kitchen table math, the sequel: Speaking of credentialism and college tuition

Friday, January 8, 2016

Speaking of credentialism and college tuition

I was bemoaning the fact that 18-year olds today must take on more debt to earn a college degree that will get them a lower-paid job than in previous eras, and a few minutes later came across this:
It’s been eight years since the Great Recession caused many states to scale back their higher education budgets, and the vast majority of states haven’t fully restored that spending despite improvements in the overall economy.

A new report from the research firm Young Invincibles, a millennial advocacy group, finds that 48 states -- all but Alaska and North Dakota -- are spending less per student on higher education than they did before the recession. Louisiana’s funding has fallen the most since the recession (41 percent), followed by Alabama (39 percent) and Pennsylvania (37 percent).

On average, states have cut funding per student by 21 percent since the recession. Tuition at public schools has increased 28 percent over the same period. (Private school tuition has increased about 20 percent in that period, according to the College Board.)


Three-quarters of American college students attend public colleges.

As States Cut Funding, Tuition at Public Colleges Soars
Inflation matters, too.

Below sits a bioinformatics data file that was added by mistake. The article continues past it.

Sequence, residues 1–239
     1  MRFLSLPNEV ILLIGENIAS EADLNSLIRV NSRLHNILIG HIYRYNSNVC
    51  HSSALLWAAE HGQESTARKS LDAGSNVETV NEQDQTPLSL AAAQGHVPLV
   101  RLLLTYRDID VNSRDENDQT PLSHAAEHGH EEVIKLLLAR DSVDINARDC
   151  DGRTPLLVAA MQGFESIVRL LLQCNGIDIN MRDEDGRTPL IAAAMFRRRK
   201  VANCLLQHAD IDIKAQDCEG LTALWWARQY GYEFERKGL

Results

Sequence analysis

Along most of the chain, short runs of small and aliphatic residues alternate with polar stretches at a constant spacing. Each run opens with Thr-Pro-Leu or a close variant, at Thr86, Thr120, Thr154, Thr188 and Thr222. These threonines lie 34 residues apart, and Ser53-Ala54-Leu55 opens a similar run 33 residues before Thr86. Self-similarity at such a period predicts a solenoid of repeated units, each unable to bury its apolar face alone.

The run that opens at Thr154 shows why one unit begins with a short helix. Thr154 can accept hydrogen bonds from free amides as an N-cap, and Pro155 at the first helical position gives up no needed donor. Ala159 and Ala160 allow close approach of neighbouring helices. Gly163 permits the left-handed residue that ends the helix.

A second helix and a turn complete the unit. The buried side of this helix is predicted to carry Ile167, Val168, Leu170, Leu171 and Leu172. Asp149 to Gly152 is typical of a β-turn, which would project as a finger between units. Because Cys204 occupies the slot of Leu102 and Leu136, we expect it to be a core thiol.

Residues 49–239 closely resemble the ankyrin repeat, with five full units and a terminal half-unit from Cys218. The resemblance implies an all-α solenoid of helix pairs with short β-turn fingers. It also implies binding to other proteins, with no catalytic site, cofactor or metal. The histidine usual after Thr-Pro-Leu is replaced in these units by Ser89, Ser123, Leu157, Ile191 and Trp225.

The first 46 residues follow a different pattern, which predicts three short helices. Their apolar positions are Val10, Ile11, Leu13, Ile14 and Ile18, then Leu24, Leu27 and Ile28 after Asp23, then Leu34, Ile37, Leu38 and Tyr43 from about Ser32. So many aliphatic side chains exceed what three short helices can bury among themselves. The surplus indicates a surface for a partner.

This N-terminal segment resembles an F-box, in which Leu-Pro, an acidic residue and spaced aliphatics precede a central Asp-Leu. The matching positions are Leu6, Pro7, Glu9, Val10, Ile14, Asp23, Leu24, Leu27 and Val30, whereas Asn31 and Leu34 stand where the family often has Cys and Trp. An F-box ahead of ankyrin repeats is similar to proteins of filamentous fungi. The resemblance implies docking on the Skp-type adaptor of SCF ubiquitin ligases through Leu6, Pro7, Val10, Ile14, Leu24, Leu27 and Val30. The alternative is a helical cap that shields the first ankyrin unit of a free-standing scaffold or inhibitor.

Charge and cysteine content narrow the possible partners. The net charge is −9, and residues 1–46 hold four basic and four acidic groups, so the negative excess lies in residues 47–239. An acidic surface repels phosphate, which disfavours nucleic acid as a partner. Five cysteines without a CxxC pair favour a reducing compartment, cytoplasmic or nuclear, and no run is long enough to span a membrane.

In a low-inflation environment, employees have lower raises and repay debt in more expensive dollars.

1 comment:

lgm said...

Public school increases for just the staff raises are 4 percent annually. Hard for many communities to sustain that, as their citizens arent getting raises that high. And revenue from stores is costly, it requires legal action as the stores try to reduce their cost. Farmers are protected. That doesnt leave much local contribution, unless the taxpayers who are wealthy are numerous enough to override the tax cap. And if they do, the others leave, turning the homes into multifamily rentals, necessitating more staff without sufficient funding. Local funding to the extent we have now is not working....there isnt enough to pay for all the unfunded mandates, sn, and academics. Academics have been cut here...students have no classes that are not required for the diploma. Luckily they can fill their study hall time with conversation with one of the mandated esl teachers, an aide, a psych or a social worker.